Taxes affect the decisions that people make about spending and investing their money. In an analysis of Missouri’s tax structure, Show-Me Institute Chief Economist Joseph Haslag found that a land tax would cause less economic harm than income taxes, and among income taxes, income taxes on capital are the most harmful. Haslag also found that if the state replaced its income tax with a revenue neutral sales tax, it would realize faster economic growth.

 
Paving The Way To Sustainable Transportation Infrastructure Print E-mail
By Joseph Miller   
Friday, December 20, 2013

To maximize the benefit of every dollar spent on transportation infrastructure, MoDOT should focus on matching infrastructure supply with transportation demand, while supporting flexibility in the public transportation sector.

 
Take This TIF And Pool It! Print E-mail
By David Stokes   
Wednesday, August 28, 2013

When it comes to municipal sales tax competition, Missouri has gone too far. The sales tax pool system in Saint Louis County has been one way to address that problem.

 
Warren County Should Not Institute An Enhanced Enterprise Zone Print E-mail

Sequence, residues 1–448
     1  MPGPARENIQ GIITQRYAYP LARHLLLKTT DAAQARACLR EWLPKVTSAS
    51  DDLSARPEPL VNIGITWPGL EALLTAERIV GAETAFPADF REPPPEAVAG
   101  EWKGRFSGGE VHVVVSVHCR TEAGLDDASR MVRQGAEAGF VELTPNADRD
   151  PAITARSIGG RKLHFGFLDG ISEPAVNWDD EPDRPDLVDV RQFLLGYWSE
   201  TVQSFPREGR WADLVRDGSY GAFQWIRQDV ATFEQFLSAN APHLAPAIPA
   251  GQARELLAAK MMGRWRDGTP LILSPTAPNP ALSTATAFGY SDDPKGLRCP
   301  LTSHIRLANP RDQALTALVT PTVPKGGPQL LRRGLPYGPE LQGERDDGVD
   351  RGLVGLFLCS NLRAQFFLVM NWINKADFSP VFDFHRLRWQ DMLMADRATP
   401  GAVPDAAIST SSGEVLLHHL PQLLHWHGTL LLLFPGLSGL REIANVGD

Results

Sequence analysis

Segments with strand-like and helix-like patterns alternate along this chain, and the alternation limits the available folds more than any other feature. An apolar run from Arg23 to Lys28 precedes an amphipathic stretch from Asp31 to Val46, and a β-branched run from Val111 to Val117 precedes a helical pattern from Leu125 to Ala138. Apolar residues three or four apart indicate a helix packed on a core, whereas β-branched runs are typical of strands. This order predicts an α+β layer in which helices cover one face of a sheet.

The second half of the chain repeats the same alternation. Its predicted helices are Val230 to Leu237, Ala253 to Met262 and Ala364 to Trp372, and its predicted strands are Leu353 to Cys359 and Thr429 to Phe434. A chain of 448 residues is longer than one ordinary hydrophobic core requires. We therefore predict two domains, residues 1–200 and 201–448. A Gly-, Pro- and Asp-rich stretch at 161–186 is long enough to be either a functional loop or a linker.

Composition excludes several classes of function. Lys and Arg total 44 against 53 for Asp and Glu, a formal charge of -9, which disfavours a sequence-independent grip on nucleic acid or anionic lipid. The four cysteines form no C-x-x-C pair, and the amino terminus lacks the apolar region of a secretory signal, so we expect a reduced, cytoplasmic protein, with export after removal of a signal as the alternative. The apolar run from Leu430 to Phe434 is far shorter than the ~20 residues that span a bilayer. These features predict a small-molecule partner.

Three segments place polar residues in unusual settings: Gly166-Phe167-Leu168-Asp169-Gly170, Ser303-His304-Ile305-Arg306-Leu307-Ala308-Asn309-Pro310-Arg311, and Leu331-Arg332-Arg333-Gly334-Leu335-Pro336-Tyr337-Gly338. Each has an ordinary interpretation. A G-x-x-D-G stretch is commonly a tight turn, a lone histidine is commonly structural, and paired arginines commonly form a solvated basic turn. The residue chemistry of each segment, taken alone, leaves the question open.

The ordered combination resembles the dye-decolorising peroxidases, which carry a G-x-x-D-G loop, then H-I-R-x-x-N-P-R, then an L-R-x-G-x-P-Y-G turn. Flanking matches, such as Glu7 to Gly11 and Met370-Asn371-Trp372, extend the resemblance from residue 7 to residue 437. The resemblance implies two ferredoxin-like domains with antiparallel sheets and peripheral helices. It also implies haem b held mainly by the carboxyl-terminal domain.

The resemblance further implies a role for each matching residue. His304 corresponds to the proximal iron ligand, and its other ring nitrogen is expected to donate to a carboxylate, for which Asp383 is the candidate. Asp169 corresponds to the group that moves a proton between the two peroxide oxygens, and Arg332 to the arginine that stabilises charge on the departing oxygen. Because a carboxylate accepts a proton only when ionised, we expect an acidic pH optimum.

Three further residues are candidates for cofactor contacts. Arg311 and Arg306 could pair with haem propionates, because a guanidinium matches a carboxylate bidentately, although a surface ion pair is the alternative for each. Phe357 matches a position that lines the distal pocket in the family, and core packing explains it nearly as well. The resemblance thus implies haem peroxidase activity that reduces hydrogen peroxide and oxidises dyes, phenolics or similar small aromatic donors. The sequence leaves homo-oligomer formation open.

By David Stokes   
Wednesday, May 22, 2013

The dirty little secret that nobody seems to want to recognize, or even attempt to uncover, is that Enhanced Enterprise Zone (EEZ), Tax Increment Financing (TIF), and other subsidies do not work. They do not succeed in growing the local economy. The panoply of subsidies that come into play when a large area is declared blighted can have a number of adverse side effects. They shrink the local tax base, encourage more government planning of the economy, and increase the chances of eminent domain abuse. As a famous Swedish economist once said, “It is not by planting trees or subsidizing tree planting in a desert created by politicians that the government can promote . . . industry, but by refraining from measures that create a desert environment.”

 
Missouri's Public Pensions: Worse Than They Appear Print E-mail
By Michael Rathbone   
Thursday, March 14, 2013